SPF records and Payflow Link

EDIT – Update January 3, 2013: There was a bug in my previous SPF record below, that included “ip4:”. That should have read “ip4:”. Unfortunately the initial incorrect record allowed half the Internet to pass SPF tests, so it would be better to use the corrected version or edit this list to suit your tastes. The SPF record below has been corrected to reflect this change.


If you use Payflow Link and you’ve recently implemented an SPF record with a hard-fail (“-all”), you and your customers may periodically stop receiving transaction confirmation messages from Paypal’s servers.

Your mail logs will hopefully show an error like:

2011-10-22 17:09:12 [] F=<REDACTED EMAIL> rejected RCPT <REDACTED EMAIL>: SPF: is not allowed to send mail from REDACTED DOMAIN

So the question is, what IP address or block should you add to your SPF record to allow PayPal’s servers to send mail on your behalf? PayPal has a range of IP addresses of course; their transaction servers are different from the email servers (apparently).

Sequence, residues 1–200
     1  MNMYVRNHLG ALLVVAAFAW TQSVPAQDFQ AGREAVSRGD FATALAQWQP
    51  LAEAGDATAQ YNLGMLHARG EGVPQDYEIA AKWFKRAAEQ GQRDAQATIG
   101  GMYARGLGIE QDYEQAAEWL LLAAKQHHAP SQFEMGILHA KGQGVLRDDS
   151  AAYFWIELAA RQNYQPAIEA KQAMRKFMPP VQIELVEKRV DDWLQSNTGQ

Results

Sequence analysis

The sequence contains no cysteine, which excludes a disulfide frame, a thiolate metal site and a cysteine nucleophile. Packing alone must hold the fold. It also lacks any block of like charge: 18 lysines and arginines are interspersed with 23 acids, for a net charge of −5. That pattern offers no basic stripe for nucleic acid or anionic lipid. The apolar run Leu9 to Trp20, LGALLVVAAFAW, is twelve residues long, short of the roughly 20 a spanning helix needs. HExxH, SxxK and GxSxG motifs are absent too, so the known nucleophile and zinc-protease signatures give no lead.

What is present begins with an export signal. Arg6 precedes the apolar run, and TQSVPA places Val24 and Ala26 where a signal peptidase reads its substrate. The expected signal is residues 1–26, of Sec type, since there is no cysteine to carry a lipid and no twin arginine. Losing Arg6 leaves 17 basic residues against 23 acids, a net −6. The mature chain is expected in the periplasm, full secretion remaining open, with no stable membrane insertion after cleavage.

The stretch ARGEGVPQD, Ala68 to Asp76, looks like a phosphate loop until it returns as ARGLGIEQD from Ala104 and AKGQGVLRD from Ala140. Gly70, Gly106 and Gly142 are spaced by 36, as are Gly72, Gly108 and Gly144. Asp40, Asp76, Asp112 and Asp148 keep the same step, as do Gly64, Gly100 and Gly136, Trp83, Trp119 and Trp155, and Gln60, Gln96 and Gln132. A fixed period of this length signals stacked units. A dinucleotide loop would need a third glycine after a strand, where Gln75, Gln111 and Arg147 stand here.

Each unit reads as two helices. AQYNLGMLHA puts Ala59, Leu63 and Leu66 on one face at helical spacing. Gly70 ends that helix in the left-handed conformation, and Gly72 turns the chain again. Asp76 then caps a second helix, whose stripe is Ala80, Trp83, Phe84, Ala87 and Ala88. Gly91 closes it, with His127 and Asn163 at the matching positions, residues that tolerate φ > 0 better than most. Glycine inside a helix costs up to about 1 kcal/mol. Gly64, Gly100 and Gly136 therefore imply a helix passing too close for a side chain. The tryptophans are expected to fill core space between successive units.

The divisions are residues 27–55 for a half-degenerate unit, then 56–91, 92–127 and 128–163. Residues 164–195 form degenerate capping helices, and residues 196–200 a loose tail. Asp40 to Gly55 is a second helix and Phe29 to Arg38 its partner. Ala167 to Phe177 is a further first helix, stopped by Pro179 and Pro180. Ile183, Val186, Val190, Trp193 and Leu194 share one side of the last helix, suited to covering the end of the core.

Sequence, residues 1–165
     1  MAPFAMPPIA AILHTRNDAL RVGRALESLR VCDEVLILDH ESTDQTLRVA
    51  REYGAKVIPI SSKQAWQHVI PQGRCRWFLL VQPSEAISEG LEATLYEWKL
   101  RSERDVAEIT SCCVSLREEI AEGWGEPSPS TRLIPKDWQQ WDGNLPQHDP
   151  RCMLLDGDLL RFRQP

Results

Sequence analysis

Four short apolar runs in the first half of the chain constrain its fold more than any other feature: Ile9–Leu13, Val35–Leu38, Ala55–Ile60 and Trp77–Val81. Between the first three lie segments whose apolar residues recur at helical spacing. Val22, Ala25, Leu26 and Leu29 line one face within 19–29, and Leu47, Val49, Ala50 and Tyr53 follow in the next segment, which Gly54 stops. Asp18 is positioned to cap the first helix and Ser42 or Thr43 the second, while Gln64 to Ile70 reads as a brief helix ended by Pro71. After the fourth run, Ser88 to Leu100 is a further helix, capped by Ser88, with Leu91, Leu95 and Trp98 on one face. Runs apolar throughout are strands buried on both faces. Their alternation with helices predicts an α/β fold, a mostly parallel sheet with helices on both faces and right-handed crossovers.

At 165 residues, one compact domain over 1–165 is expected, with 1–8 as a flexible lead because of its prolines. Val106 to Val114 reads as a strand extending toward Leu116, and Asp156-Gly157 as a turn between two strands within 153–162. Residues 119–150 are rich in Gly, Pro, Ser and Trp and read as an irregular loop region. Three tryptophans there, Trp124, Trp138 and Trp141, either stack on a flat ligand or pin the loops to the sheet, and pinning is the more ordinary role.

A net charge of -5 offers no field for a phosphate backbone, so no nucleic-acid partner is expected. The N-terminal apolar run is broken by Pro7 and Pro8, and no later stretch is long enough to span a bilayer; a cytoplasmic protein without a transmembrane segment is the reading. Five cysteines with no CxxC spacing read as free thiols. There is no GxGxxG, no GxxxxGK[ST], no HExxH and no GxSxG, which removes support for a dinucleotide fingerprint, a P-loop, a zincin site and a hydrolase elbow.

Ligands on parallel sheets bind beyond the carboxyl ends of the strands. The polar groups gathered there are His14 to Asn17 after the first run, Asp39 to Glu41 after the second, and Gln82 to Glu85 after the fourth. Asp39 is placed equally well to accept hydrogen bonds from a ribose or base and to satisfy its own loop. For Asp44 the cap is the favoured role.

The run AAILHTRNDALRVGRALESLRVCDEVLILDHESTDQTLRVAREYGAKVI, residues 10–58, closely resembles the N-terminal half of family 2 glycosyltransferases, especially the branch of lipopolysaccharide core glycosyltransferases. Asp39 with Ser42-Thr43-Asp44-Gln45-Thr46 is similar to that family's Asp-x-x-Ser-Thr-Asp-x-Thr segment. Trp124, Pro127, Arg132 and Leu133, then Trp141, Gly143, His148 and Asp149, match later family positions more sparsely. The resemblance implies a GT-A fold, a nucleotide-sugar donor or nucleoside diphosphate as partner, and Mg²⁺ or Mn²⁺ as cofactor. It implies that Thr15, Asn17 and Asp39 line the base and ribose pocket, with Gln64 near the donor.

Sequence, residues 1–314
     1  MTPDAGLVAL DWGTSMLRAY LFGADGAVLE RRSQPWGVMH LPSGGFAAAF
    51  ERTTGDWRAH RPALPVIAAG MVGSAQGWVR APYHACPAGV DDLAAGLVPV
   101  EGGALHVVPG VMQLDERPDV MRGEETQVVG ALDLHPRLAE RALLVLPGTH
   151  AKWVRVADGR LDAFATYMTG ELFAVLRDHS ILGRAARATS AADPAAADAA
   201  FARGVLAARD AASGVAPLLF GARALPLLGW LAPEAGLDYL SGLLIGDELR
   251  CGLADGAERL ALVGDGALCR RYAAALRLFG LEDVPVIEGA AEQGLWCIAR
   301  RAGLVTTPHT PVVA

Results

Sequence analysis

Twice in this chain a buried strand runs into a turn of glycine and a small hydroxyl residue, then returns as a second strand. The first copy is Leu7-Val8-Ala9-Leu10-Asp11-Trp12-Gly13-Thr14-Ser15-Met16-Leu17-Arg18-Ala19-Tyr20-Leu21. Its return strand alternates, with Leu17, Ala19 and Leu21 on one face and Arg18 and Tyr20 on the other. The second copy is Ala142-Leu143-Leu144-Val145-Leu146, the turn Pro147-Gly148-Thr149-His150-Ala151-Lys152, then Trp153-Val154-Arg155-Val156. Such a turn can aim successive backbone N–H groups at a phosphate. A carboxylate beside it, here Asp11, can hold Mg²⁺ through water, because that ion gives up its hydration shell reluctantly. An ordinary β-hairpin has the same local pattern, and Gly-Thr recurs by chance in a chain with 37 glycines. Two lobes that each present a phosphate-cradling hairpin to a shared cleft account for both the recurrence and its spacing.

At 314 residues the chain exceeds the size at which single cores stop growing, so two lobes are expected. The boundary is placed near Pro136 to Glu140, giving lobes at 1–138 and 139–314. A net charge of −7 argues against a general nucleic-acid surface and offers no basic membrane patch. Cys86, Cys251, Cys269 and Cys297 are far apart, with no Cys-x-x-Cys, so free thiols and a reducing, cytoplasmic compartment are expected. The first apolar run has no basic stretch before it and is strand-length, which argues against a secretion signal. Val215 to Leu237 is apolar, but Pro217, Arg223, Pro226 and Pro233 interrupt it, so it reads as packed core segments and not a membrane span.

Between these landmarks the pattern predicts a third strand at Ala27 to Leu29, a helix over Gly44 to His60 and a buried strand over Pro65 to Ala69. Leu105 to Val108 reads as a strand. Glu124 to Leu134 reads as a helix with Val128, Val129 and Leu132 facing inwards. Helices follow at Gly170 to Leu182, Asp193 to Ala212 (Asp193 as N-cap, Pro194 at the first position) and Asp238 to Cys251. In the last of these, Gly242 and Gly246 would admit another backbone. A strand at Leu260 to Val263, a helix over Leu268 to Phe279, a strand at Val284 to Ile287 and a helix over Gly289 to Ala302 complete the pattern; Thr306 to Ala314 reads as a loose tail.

The correct answer is here, in PayPal’s list of “IP Addresses for PayPal servers”:

Since there are so many IP ranges here, my SPF record was getting too long. So I used the include: directive and created an SPF record for a subdomain (

“v=spf1 ip4: ip4: ip4: ip4: ip4: ip4: ip4: -all”

And then in my main domain SPF record, I added “include:”. This allows me to easily make edits to the PayPal portion of the SPF record and keeps it separate from my main SPF record. PayPal makes IP address changes on average perhaps twice a year, so if you use PayFlow to send transaction receipts to your customers on your behalf and you maintain SPF records for your domain, this is something you will encounter.

At the bottom of PayPal’s post, there is an option to subscribe to the answer so you can be alerted when it changes. Unfortunately they do not show a changelog; they just update the answer, so every time they change it you have to go through and compare every IP range with your SPF record, but at least you can be alerted when there is a change.

Previously, I had looked back through some transactions and (since a recent IP address update) all of them seem to be from 66.211.x.x, so my ham-fisted approach was to add:


to my SPF record, to allow –

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